But finding room in the existing budget to raise public defenders’ pay may be just as difficult, as commissioners learned the courthouse boiler has sprung a leak and may have to be replaced to the tune of about $20,000...

October 15, 2007

From probation to prison thanks to MySpace?

As you read here at A&C last month, from today's
National Law Journal (link via UW's Trial Ad Notes):

Lawyers in civil and criminal cases are increasingly finding that social networking sites can contain treasure chests of information for their cases. Armed with printouts from sites such as Facebook and MySpace, attorneys have used pictures, comments and connections from these sites as powerful evidence in the courtroom.

"It's going to be more and more helpful in the future," said Mark Diebolt, a deputy county attorney in Pima County, Ariz... Diebolt said an eyewitness recently identified a first-degree murder suspect in a group photograph posted on MySpace... D. Jesse Smith, a solo practitioner in Tucson, Ariz., said... (i)n a recent misdemeanor assault case..., he was able to prove someone other than his client was the aggressor who started the fight because his MySpace page contained a video of him beating someone up...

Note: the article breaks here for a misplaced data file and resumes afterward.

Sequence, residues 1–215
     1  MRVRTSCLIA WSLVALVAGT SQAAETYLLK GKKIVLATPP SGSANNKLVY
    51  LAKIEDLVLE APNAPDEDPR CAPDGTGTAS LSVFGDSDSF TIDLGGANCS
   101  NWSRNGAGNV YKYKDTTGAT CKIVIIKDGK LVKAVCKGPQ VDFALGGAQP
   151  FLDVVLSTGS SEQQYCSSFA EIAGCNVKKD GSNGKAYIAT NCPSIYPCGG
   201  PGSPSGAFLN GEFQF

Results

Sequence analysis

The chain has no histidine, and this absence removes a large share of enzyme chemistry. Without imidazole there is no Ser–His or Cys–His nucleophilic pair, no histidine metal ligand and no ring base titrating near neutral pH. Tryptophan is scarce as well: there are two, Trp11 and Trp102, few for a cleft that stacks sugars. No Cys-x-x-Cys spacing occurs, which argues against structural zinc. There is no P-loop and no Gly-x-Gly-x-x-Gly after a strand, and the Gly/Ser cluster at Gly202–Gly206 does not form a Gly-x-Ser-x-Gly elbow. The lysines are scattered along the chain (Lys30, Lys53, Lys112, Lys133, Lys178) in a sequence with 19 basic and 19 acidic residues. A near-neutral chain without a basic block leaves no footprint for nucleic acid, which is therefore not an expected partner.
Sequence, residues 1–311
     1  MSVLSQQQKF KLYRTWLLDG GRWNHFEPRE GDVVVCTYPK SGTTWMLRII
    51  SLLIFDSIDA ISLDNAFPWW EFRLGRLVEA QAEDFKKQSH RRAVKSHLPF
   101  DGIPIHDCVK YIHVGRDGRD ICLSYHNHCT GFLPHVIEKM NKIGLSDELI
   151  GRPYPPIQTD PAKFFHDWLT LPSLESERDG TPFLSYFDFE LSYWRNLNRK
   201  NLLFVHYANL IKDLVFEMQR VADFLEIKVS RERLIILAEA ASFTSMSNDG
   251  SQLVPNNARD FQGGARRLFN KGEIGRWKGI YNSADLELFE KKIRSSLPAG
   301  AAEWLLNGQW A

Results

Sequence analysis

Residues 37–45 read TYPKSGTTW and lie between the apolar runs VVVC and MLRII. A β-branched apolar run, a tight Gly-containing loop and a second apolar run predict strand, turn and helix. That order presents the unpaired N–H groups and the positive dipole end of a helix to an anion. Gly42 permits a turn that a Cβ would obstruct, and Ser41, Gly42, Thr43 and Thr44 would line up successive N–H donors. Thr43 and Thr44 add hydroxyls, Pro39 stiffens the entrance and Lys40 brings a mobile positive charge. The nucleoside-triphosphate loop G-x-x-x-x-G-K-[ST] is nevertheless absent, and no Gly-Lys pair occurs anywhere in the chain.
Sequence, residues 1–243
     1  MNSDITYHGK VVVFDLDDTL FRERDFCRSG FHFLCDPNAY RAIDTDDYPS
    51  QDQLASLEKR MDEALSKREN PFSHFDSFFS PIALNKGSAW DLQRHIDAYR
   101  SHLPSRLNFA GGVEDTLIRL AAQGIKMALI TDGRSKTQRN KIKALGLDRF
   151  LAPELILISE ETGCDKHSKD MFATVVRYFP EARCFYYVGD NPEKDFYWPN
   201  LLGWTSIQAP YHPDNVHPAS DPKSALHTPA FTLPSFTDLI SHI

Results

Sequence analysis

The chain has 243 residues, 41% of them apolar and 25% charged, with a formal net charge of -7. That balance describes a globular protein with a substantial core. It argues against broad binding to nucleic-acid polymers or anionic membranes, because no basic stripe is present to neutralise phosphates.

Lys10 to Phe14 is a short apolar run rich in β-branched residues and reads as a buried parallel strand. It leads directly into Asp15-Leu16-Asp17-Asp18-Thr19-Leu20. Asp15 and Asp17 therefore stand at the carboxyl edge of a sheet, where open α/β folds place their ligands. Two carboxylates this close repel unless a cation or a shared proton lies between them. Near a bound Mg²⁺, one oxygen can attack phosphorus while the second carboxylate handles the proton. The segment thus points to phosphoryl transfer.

One defense lawyer said that... the judge relied heavily on MySpace to decide on his client's sentence. Steve Balash of Santa Barbara... said that Jessica Binkerd was sentenced in January to five years and four months in prison after she drove under the influence of alcohol and got into a crash in which her passenger was killed. Balash said he expected Binkerd to get probation, but she received a prison sentence in large part because her MySpace page showed her wearing an outfit with shot glasses and an alcohol advertisement after the accident...